- Professor (Ph.D., Harvard University, 1986); Mechanical properties and underlying physics of deformation, with applications to metals, shape memory alloys, nanostructured materials, and tissue scaffolds. Computational methods for mechanical behavior.
1 PhD, MSE, funding confirmed--"Fundamental investigations of shape memory alloys for high temperature applications"
This project will involve computational modeling/simulations to understand how the properties of new high temperature shape memory alloys are derived from a microstructure that involves nanoscale precipitates and a defect structure that is "trained" into the material. The project involves a close collaboration with experimental studies in microscopy and offers the opportunity to work on experiments in mechanical testing to support the computational modeling.
Background: open to various science/engineering backgrounds; available for US citizens or international students
- Research Assistant Professor, dual standing in MSE and Electrical and Computer Engineering
1 PhD, MSE, funding not yet confirmed--Project will research areas of interest in epitaxy, fabrication, and characterization of optoelectronic, photovoltaic, and photocatalytic materials and devices. Please contact Dr. Grassman for details concerning this position.
Background: US citizenship or green-card useful, but not necessarily required. Some background/knowledge in semiconductors helpful, but not necessarily required.
Jianjun Guan: web and email | Phone: 614-292-9743 | Office: 491 Watts Hall
- Associate Professor (PhD, Zhejiang University, 2000); biomaterials, tissue engineering
4 PhD, MSE, funding confirmed--Project titles:
- Control of Cardiac Fibrosis to Prevent Cardiac Function Deterioration
- Polymeric electron paramagnetic resonance probes for real-time monitoring of tissue vascularization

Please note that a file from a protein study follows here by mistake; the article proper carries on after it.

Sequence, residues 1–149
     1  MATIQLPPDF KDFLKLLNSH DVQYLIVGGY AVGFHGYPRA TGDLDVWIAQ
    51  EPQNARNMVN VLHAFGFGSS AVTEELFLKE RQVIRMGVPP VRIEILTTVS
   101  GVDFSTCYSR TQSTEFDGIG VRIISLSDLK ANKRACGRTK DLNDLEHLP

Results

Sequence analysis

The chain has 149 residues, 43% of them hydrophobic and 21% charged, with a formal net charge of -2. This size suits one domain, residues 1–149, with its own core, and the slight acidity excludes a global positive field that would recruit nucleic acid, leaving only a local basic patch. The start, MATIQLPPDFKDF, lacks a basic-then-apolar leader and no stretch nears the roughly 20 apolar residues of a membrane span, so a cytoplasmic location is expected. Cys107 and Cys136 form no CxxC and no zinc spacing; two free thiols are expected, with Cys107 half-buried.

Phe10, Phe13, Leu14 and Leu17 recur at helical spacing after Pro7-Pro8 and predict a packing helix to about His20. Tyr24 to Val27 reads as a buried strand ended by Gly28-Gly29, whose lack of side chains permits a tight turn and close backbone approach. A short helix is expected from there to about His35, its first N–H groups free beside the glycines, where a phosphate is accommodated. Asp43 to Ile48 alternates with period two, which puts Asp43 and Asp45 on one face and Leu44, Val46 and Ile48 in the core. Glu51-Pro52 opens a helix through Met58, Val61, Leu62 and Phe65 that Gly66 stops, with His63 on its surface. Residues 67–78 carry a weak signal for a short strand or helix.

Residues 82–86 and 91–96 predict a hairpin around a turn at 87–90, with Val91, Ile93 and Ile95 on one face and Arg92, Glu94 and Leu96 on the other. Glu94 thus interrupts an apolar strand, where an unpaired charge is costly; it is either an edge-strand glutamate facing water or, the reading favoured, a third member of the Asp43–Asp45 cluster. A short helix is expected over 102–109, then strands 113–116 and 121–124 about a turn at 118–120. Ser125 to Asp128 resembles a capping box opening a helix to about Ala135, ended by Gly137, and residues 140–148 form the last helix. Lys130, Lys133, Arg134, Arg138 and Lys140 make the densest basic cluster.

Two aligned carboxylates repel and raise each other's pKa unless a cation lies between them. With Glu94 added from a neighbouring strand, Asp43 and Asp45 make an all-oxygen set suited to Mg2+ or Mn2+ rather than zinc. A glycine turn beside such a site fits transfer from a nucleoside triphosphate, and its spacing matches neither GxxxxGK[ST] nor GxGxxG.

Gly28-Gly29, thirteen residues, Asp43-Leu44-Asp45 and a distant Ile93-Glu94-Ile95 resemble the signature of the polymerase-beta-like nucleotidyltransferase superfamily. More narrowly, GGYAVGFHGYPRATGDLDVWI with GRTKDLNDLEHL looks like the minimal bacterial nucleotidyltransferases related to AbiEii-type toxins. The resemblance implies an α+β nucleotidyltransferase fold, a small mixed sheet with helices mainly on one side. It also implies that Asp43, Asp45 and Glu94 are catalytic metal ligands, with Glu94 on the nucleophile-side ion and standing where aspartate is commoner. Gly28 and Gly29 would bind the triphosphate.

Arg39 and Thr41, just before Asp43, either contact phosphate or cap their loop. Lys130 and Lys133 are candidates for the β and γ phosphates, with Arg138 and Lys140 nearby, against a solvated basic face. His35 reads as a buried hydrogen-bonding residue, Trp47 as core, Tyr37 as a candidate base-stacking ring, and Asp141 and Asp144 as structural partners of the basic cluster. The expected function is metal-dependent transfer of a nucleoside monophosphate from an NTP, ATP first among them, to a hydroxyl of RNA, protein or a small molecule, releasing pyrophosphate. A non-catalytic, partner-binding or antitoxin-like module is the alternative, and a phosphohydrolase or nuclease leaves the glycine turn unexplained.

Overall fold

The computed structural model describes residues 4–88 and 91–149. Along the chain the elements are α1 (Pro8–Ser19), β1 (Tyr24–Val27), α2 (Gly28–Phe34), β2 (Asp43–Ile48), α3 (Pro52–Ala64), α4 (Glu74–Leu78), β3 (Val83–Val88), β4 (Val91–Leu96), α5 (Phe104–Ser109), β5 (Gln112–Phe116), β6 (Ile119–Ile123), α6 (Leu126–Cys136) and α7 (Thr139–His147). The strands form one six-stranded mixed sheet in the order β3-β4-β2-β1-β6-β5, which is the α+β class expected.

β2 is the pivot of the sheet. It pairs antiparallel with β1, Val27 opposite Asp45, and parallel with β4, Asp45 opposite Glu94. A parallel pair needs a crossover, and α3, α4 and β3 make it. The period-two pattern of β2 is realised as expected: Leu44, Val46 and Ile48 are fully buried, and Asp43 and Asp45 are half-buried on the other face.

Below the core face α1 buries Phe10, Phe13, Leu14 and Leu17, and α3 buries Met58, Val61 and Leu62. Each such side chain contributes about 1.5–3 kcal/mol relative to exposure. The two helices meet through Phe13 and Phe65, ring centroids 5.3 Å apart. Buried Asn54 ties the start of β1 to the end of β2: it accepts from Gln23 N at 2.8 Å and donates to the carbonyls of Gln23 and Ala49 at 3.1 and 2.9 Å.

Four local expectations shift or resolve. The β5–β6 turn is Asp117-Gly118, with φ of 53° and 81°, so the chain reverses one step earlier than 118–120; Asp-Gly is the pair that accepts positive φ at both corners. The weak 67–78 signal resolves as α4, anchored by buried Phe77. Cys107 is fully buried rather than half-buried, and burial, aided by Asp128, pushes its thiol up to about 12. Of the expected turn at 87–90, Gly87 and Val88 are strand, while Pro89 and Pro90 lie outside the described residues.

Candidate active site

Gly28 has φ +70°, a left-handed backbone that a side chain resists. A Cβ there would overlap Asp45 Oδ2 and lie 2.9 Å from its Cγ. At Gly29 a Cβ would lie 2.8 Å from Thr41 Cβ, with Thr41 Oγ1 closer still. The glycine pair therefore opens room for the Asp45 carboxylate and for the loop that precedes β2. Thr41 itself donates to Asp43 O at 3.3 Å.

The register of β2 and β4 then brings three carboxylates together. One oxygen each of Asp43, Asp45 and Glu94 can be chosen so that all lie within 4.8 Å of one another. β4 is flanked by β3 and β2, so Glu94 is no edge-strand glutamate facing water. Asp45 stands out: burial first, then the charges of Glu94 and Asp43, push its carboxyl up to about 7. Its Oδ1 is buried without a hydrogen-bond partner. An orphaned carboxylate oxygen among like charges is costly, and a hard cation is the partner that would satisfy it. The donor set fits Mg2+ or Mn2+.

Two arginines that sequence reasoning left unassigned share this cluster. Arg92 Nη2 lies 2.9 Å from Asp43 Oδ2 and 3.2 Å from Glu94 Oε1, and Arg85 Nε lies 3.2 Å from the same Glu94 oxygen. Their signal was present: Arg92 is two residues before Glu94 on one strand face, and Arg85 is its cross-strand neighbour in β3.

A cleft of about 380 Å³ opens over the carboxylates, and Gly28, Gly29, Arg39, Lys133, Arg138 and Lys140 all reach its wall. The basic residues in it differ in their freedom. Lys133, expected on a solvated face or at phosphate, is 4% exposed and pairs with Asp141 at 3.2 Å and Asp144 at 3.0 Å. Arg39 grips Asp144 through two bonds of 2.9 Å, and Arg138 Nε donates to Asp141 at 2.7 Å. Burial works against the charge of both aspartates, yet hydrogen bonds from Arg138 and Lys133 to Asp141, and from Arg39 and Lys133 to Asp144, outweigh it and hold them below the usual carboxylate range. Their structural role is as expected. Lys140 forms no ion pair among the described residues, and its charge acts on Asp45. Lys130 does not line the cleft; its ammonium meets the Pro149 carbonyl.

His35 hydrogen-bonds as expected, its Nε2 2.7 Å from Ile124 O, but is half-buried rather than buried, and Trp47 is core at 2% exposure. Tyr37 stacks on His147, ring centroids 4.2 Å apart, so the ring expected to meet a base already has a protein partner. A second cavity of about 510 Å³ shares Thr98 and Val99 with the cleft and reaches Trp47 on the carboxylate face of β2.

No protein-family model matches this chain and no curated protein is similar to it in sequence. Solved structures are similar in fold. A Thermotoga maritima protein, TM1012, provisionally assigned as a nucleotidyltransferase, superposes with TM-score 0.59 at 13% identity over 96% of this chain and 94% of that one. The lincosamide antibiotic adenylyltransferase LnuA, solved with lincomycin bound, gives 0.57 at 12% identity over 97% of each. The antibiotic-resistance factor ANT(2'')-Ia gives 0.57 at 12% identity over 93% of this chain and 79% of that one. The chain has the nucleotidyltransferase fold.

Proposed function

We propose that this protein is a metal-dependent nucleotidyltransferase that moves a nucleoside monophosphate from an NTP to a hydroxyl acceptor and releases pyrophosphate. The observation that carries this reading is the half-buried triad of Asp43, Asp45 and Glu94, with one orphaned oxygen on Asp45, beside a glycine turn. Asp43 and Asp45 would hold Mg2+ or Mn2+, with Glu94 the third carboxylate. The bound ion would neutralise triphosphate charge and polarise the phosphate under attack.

- Biomimetic cardiac patch capable of rapid angiogenesis
Please contact Dr. Guan for details on these projects.
- Assistant Professor (Ph.D., Un of Wisconsin, 2011); Structure-property relationship in functional materials (oxide interfaces, semiconductors, solar cells); structure and deformation of disordered materials.
1 PhD, MSE, funding not yet confirmed--"Experimental and computational electron microscopy of functional materials"
Contact: web & email | Phone: 614-292-5868| Office: 546 MacQuigg Labs
- Assistant Professor (Ph.D., University of Virginia, 2010); Corrosion and environmental fracture/cracking of metals and alloys, thermo-mechanical processing effects on corrosion and environmental cracking.
2 PhD, MSE, funding confirmed--Please contact Dr. Locke for details regarding these positions.
Contact: web & email | Phone: 614-292-3926 | Office: 448 MacQuigg Labs
- Professor (Ph.D., University of Washington, 1990); Biomaterials for cancer research. Bio-nanosensing for disease detection. Smart tissue engineering scaffolds.
2 PhD, MSE, funding not yet confirmed--"Polymer-ceramic composites for smart paint applications"
Optical sensor materials providing positional information for automotive, aerospace and blind applications. Fabrication, optical and TEM characterization.
Background: polymer or ceramic background
- Professor (Ph.D. Cambridge University, 1990); Electron microscopy characterization of structure, properties, and applications of advanced structural and functional materials.
1 PhD, MSE, funding confirmed--"Electron Microscopy of Strongly Correlated Materials”
In the Center for Emergent Materials (NSF MRSEC), IRG-1 is investigating materials where spin-orbit coupling (SOC) and electron-electron (Coulomb) correlations are of comparable magnitude, and the subsequent emergence of novel electronic phases in those materials. Using chemistry, structure, epitaxial strain and d-electron count, IRG-1 tunes fundamental interactions in 5d based materials to discover new phases and give insight into their novel properties. We are seeking motivated garduate student to work in this multidisciplinary environment to develop and apply electron microscopy methods to probe crystals, thin films and interfaces to drive understanding of novel phenomena in these materials.
Background: Undergraduate qualifactions in MSE, Physics, or solid- state chemistry preferred.
1 MS or PhD, MSE, funding not yet confirmed, [McComb and Bartlett co-investigators] --"Identification the Key Cellular and Molecular Steps for Proper Dentin–enamel Junction (DEJ) Formation”